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Topic Title: Inspection and Testing of installations
Topic Summary: Testing beyond the spur!
Created On: 22 February 2010 07:51 PM
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 22 February 2010 07:51 PM
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adderzigzag

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Joined: 19 May 2009

I'm pretty Ok with understanding Inspection and Testing concepts but today have been asked a question which I'm unsure of the answer and hence would like some thoughts.

If you consider a ring final circuit for example and a fuse spur is incorporated rated at say 13A, if this spur feeds say three sockets the furthest socket will have the highest Zs obviously, however the protection device is a BS1362 Fuse, so do you add this as a seperate entry on the schedule of test results as the remaining ring is proteced by a B32 breaker.

The complication continues when a boiler/timeclock/thermostat circuit is connected to a spur from a ring, is it the responsibility of the tester to stop at the spur, if so the wiring downstream doesn't get a R1+R2 measurement or IR Test! I understand the importance of taking care doing an IR test on electronics and appricate it could be removed from ciruit and linked out.

But the issue remains how far do you go downstream from a spur, any ideas would be greatfully recieved.
 22 February 2010 08:04 PM
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OMS

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To answer the question about the spur from the ring, then it would be highly unusual that the Zs would be greater than that required for the ring protective device anyway.

That said, it can happen (bad design or installation) so it is possible to reference the Zs to the 13A fuse.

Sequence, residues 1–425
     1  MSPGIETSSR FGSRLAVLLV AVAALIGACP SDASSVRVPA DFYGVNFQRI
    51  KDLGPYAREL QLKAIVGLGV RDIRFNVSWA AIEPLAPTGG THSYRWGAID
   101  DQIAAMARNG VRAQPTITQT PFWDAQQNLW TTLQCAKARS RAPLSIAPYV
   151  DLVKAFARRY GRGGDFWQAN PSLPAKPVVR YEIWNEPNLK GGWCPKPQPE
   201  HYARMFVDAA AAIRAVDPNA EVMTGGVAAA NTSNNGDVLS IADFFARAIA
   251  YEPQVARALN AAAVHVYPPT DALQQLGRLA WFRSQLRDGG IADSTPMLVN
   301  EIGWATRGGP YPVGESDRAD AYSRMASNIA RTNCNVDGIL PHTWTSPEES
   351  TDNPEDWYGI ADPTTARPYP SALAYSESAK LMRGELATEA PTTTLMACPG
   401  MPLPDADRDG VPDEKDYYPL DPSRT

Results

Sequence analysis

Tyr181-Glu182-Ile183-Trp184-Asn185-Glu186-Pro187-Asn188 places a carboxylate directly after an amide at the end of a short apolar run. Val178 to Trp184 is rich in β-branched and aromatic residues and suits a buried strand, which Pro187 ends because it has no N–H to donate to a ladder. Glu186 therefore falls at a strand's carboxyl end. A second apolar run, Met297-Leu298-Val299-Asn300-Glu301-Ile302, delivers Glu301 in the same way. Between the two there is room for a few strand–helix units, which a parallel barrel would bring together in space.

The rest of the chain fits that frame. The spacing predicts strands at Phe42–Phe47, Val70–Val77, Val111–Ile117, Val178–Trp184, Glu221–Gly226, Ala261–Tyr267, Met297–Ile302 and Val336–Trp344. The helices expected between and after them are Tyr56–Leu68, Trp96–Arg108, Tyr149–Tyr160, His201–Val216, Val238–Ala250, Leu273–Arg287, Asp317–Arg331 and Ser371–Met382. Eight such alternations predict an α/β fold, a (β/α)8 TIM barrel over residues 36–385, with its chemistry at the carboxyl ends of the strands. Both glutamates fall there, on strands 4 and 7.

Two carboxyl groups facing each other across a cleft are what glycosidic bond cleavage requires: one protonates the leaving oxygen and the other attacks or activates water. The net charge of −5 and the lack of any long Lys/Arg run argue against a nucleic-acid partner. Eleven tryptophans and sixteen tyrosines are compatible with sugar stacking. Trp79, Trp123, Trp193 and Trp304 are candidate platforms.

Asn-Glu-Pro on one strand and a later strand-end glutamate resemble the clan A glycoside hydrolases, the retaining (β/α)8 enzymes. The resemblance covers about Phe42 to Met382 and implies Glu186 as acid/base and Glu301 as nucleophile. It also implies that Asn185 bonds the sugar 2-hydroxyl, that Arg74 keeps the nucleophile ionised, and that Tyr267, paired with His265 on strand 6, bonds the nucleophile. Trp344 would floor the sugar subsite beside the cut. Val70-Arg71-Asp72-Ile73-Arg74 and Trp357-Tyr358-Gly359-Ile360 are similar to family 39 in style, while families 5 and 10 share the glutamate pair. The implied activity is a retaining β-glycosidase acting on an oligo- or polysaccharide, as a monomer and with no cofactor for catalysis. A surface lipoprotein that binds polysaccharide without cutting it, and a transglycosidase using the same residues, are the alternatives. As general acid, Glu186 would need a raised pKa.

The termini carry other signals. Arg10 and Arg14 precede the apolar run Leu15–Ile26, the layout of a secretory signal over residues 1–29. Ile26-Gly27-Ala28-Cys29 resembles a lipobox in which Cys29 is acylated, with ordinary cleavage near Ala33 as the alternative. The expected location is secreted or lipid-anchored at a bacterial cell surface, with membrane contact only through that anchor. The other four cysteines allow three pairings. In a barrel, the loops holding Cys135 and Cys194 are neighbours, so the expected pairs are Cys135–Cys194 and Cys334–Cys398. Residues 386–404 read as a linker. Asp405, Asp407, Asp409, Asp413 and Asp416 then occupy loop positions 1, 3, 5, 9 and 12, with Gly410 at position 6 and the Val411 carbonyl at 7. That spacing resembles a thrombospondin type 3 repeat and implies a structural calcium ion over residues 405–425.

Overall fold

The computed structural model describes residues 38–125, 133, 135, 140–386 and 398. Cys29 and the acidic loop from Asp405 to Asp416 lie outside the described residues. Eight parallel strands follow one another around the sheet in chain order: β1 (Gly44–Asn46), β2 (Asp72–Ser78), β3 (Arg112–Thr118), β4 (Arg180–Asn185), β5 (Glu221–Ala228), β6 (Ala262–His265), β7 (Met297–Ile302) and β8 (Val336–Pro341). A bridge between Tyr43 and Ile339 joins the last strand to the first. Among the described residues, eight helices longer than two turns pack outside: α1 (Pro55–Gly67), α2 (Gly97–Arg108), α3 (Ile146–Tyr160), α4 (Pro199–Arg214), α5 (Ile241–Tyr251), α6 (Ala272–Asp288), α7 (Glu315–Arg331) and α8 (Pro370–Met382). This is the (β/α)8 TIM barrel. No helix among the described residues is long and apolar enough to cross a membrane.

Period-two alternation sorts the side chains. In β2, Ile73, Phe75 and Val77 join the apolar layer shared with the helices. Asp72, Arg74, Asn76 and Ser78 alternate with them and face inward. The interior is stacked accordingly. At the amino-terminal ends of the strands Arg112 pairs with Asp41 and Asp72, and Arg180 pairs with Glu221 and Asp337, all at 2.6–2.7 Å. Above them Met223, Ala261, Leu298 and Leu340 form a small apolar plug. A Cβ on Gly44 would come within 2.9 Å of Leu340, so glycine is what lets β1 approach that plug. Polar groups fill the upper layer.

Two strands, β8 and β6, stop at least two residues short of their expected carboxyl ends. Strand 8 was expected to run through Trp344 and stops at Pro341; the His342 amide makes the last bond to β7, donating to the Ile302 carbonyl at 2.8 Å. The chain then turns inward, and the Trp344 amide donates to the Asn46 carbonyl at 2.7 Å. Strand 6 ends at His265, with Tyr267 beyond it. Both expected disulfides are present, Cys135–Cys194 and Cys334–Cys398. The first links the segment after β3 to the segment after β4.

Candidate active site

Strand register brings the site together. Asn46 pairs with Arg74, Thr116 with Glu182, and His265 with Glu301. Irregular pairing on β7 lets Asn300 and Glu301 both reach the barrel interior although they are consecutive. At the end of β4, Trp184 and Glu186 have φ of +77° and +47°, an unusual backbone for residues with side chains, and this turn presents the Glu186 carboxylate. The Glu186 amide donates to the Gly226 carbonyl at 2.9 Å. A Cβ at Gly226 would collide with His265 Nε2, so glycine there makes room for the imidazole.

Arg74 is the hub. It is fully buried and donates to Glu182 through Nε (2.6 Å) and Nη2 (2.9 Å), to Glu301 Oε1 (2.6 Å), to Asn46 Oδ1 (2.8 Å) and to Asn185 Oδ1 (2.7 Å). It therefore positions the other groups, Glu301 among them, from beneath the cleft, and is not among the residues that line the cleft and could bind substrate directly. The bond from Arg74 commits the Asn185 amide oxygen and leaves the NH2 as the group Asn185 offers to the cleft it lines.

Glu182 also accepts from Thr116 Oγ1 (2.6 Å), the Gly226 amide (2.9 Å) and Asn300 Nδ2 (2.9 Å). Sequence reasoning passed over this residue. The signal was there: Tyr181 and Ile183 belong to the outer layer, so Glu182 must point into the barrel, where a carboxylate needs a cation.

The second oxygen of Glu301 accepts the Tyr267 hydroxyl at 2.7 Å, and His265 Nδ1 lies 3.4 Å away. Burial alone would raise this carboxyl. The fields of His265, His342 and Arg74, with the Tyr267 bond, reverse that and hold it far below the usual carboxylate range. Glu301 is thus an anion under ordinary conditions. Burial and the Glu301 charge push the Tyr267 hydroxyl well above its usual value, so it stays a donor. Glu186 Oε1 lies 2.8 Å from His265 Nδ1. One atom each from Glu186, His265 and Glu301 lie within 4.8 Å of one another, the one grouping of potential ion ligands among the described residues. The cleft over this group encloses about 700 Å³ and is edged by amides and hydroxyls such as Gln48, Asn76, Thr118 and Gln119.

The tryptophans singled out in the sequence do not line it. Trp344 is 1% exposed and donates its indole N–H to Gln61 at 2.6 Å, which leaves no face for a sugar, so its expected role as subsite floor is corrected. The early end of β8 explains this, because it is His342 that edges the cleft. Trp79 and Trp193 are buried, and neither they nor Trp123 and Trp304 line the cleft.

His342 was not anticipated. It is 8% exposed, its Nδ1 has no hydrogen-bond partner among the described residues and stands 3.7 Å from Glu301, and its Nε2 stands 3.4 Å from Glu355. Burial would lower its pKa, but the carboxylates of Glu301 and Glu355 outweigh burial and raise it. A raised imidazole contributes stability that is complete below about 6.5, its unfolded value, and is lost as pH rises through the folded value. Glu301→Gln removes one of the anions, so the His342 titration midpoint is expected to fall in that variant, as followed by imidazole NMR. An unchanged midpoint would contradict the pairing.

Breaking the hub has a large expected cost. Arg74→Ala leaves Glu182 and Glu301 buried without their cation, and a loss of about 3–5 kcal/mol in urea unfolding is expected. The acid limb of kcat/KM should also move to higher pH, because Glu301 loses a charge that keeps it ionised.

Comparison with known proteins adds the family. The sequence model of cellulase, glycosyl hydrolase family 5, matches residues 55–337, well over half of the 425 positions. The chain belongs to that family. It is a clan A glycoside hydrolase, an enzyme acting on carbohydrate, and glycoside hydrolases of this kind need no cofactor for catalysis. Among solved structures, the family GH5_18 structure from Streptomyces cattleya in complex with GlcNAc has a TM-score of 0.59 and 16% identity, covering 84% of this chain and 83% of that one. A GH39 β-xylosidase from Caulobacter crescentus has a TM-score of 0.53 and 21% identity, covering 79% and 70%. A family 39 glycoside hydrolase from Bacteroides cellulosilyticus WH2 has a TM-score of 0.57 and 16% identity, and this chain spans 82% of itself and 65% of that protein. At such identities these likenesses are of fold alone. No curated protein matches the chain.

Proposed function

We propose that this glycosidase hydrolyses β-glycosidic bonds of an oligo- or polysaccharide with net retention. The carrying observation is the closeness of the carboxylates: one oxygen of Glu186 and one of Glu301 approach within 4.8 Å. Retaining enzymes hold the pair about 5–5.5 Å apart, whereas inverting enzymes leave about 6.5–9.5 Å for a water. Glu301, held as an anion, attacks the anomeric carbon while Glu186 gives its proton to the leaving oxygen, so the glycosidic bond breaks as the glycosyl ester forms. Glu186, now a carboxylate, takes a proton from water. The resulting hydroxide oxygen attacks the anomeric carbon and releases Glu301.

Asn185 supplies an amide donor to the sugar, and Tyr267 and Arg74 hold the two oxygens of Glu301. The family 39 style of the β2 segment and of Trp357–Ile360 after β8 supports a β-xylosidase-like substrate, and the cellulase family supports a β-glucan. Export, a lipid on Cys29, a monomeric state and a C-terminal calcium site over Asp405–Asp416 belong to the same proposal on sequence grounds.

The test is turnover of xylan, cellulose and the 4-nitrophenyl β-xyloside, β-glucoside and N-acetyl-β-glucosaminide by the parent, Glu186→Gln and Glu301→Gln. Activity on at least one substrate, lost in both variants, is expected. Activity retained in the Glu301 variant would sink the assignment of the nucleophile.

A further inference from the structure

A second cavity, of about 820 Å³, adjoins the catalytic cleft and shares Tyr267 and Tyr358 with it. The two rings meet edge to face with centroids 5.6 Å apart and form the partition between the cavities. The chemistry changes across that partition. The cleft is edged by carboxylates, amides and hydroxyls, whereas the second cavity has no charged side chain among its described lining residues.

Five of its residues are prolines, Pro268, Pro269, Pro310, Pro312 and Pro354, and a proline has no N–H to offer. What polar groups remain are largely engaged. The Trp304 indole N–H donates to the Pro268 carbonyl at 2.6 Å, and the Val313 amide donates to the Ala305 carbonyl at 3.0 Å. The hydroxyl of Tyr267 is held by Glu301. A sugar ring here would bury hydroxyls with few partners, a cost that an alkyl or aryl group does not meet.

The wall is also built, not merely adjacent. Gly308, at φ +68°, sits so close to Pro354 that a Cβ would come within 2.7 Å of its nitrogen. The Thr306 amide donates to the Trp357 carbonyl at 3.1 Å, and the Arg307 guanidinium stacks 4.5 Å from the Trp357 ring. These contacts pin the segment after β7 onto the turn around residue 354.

It comes down to the definition of circuit in essence, so I would first check index point Zs against the ring CPD and if it complies then no extra line in the schedule required, if it doesn't then add a new line and refernce to the 13A fuse

As for testing cablingdownstream of a spur then I guess there is no right or wrong anwer - it needs testing for sure but for all practical purposes it can't be recorded in a conventional fashion. many sparks just exclude it (either with or without the agreement of the client)

Regards

OMS

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Failure is always an option
 22 February 2010 08:16 PM
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rocknroll

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I think you have to look carefully at the wording;

A PIR is an inspection that covers the fixed wiring of an installation from the company meter to the end of a circuit???, upstream of the company meter and any equipment connected by a flexible cord to a socket or spur is subject to different regulations, although they are unable to warrant a code on the PIR if any defects that need attention are spotted then note on a seperate piece of paper attached the the PIR form for action by the person ordering the work if they wish to do so.

Or would you want to get in bed with the lady of the house and test the electric blanket!

regards.

-------------------------
"Take nothing but a picture,
leave nothing but footprints!"
-------------------------
"Oh! The drama of it all."
-------------------------
"You can throw all the philosophy you like at the problem, but at the end of the day it's just basic electrical theory!"
-------------------------
 23 February 2010 10:39 AM
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AJJewsbury

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covers the fixed wiring of an installation ... and any equipment connected by a flexible cord to a socket or spur is subject to different regulations

I suspect that the 17th have a slightly wider scope than earlier versions perhaps did - the prohibition of flex for fixed wiring is long gone and 110.1 specifically says that the regs include requirements for "wiring systems and cables not specifically covered by the standard for appliances". So CH wiring for instances, could well be within scope, even if it's fed via flex from a plug & socket to the wiring centre.
- Andy.
 23 February 2010 06:01 PM
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adderzigzag

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Many thanks for the advice, I think the concept is you can't test too much!
 23 February 2010 06:25 PM